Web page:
Yhervin, 17, from Guatemala:  I will always remember the Virgin of Guadalupe, and the unity we had in the moment of making the mural. Together we can move forward!"

Natalia:  "I will always remember that the mural is my exact story."

I was delighted to receive feedback from my collaborating teachers about the longer-term impacts of our work.  Ms. Michailidou, from Thessaloniki, observed, “It seems to me that what you did together has changed them in a way...They seem more responsible and more supportive to one another in comparison to how other classes have evolved over this time.”  Ali Sheary, a volunteer teacher with Still I Rise on Samos, helped me gather feedback from the students who participated.  She noted that from the way the children spoke about it, the process of making the mural seemed therapeutic.  Ilka Vega, from Hope Border Institute wrote:

"This project meant a lot for all of us at HOPE and Casa del Migrante.  Especially now that we (the US) are forcing asylum seekers to stay in Mexico during their asylum process it's easier for us on the US side to ignore their needs and humanity.  Thus, painting the mural was a healing experience for the kids, the parents, and people like me who were fortunate to experience it.  Seeing the kids make decisions about their mural and seeing how it turned out was incredible.  You could see how excited they were to be included in such a meaningful way and to have a space to express their own creativity.  Sarah also worked very hard to make sure that we could include all the kids that wanted to participate, from the really little ones to the older boys and girls.  I think the sense of inclusion and trust really shows in the painting and what it portrays."  

The impact of the mural on my home community expanded greatly after my decision to take it to the southern border of the US.  The firestorm of media coverage about the treatment of migrant children on the US border generated passion about the issue, and people began wanting to hear more about my project.  Before I even left for Juárez /El Paso, I was asked to speak on the radio.  I began getting emails from people wanting to help, to host the mural, to have me speak about my experiences, especially after I had been to Juárez (Here is a link to a radio interview I did with WUNC's The State of Things). 

While some of these outcomes aligned with my hopes, the project also impacted people in surprising ways.  For example, I didn’t expect to have so many people who wanted to help me make this happen. From teachers asking if they could participate from other cultures, to passersby who stopped to paint or draw or watch for a while, to volunteers who traveled with me on their own dime to help--the project inspired action, for which I was grateful.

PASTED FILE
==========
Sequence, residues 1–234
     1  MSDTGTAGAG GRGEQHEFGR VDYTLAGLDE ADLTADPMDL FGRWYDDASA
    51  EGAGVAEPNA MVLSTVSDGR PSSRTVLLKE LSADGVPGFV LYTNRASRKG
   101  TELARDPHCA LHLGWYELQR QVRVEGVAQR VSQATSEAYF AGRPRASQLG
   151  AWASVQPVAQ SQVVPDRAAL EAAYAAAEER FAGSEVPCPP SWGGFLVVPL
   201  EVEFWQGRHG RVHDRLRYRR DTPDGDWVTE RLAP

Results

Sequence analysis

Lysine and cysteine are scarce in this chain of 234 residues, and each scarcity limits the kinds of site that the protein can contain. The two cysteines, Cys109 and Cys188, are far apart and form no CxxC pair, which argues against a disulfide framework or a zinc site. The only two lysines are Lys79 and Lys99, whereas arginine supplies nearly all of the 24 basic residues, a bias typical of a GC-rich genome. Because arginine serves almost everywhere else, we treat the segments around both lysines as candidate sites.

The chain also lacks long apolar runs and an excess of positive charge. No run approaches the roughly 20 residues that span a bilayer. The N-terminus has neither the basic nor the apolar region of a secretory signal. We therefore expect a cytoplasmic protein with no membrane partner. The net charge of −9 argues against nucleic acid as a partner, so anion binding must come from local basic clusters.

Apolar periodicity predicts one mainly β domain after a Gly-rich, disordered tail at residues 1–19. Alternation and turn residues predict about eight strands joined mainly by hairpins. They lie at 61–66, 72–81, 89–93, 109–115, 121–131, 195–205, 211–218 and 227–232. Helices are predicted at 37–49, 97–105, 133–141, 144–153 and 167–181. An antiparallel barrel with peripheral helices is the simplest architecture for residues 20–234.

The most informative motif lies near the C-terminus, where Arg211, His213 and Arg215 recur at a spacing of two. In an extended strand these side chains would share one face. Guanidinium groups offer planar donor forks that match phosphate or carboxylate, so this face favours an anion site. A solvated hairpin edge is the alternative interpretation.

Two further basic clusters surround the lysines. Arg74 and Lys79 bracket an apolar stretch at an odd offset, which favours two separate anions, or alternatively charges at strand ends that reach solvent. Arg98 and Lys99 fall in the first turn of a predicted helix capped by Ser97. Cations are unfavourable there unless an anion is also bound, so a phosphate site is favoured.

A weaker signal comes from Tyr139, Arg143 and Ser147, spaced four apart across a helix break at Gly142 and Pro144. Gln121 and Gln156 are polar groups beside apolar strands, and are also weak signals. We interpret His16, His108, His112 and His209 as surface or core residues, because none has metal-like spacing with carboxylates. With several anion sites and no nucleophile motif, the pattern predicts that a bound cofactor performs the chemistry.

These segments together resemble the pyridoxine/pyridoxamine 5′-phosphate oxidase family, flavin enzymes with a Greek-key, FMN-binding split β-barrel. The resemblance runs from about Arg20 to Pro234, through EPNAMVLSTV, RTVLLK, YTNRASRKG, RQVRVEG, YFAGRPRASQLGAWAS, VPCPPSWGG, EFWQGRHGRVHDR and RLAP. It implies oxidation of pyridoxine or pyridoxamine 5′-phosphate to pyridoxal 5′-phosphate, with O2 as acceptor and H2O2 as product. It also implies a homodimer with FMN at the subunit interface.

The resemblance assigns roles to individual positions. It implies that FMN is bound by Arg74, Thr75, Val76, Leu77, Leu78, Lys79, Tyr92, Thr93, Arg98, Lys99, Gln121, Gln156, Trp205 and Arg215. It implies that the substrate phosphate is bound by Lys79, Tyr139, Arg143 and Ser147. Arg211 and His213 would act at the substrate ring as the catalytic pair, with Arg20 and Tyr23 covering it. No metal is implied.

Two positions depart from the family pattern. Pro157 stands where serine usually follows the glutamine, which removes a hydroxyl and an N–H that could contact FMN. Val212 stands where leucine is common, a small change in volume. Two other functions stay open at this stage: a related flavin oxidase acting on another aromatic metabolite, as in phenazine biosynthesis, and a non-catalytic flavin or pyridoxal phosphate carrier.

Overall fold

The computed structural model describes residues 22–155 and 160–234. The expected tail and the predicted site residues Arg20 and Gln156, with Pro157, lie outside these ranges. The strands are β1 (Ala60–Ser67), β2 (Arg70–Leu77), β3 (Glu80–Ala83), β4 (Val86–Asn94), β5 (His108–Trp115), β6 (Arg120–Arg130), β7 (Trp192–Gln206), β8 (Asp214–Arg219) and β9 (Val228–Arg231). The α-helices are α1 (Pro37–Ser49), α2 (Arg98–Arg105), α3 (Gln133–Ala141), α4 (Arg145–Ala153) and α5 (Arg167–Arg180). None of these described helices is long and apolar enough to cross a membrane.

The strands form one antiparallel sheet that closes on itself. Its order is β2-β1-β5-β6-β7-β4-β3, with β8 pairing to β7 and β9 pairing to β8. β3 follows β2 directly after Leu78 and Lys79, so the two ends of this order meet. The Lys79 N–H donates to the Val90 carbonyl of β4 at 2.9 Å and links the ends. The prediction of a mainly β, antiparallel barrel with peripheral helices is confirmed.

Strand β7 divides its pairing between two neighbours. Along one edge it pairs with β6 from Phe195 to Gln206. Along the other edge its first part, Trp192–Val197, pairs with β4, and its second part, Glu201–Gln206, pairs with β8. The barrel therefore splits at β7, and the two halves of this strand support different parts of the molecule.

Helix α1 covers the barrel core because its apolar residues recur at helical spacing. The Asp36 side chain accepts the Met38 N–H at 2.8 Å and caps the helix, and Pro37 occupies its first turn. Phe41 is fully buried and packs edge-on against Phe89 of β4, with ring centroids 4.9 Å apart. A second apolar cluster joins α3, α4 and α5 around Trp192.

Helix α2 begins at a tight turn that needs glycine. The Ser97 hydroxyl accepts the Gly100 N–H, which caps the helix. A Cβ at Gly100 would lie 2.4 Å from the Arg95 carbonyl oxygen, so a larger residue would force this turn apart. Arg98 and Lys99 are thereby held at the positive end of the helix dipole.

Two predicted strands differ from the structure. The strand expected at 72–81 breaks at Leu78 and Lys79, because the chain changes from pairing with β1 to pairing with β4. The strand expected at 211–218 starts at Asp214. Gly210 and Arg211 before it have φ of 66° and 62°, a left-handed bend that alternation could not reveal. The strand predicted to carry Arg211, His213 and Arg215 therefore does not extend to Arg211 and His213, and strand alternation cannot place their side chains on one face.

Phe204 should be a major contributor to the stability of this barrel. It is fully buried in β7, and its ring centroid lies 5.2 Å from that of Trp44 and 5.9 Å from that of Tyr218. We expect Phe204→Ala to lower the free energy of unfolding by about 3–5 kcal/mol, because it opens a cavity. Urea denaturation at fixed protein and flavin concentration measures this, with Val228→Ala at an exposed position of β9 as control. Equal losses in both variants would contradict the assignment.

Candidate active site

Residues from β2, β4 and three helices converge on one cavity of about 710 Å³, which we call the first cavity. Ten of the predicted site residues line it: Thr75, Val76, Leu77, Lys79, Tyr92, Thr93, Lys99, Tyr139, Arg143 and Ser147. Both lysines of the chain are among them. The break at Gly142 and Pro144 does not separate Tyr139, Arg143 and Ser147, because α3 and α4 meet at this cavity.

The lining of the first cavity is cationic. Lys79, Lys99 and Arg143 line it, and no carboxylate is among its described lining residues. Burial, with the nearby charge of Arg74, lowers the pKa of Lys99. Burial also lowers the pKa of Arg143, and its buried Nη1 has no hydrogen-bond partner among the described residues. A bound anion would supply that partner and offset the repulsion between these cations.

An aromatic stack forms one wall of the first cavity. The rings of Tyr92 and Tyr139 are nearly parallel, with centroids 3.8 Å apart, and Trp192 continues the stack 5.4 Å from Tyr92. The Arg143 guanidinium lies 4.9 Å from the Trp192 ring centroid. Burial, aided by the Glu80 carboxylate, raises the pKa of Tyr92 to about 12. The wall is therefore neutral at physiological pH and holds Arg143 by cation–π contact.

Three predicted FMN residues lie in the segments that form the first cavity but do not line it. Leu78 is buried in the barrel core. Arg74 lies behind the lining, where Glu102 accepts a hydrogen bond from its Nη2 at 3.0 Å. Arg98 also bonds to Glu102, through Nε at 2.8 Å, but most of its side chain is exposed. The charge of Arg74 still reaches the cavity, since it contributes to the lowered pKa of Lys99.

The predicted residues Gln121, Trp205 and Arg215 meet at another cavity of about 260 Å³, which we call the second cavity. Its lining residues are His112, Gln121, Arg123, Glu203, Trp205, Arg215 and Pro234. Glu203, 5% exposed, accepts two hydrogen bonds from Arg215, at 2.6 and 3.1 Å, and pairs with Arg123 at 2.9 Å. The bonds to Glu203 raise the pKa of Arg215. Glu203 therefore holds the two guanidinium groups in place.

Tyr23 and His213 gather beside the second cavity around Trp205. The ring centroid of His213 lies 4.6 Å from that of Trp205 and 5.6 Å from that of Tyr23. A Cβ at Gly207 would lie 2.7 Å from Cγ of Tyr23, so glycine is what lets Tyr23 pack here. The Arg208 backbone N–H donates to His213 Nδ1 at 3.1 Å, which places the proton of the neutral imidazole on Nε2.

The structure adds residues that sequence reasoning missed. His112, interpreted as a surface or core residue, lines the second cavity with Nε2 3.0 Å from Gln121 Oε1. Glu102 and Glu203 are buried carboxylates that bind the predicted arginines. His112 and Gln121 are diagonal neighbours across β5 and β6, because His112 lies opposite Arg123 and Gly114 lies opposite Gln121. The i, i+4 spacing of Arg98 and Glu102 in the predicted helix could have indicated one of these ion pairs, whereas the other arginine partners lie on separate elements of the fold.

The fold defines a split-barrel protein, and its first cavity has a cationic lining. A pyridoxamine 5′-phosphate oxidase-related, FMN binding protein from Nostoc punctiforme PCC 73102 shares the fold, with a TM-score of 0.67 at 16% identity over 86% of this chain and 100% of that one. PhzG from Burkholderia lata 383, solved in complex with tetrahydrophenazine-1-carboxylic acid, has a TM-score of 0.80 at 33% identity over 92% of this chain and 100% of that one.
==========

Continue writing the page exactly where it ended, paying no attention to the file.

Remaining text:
Every single child--in every group, regardless of circumstance--was happy with the process and the outcome. This was especially amazing to me when I talked with the kids on Samos and in Juárez. I’m not sure what I expected from those kids, but I certainly didn’t expect unanimous satisfaction and quiet joy in the project. I understand it better after talking with them about it.  The asylum-seekers on both continents talked about how terrible it is to feel invisible, voiceless, and forgotten by the world. For those children and families, painting the mural made their experiences both visible and valued.

I was gratified to find one of my fundamental beliefs about art remains unchallenged:  if you set it up right, it's just a whole lot of fun for everybody.  I will never forget F., who loved painting so much she couldn’t put down her paintbrush.  I couldn’t bear to ask her to stop when she kept painting over the other children’s careful lines, so I just kept handing her smaller and smaller paintbrushes.  We laughed about it together and she kept painting every last minute she had. Wherever you are now, F., I wish for you many brushes and many colors in your life!

As a physical object, the mural has literally connected children across the globe.  Each set of hands has touched the same piece of canvas, each set of minds has imagined the other groups, an ocean away, and responded with images and messages for each other and the rest of the world.  One unifying response among all the groups was pride and excitement that this piece of canvas would be traveling across the planet to share with other communities.  I hope I have planted some seeds for the communities we worked in: what peaceful coexistence looks like, how to make space for everyone’s voice and vision, how to really listen and bear witness to another’s experience, and how to focus on what unites us as we try and solve problems we all face together.

What do you think is important about the mural?  From our first group of students, at the project's beginning:

Press/interviews about the mural project:

August 5, 2019, WCHL 97.9, On Air Today with Aaron Keck:

July 23, 2019, WUNC 101.5, The State of Things with Anita Rao:

July 12, 2019, WCHL 97.9, On Air Today with Aaron Keck:

June 25, 2019, Meredith Radford with The Daily Tarheel:

January 29, 2019, Molly Weybright, The Orange County Arts Commission:

© 2019 by Sarah Cornette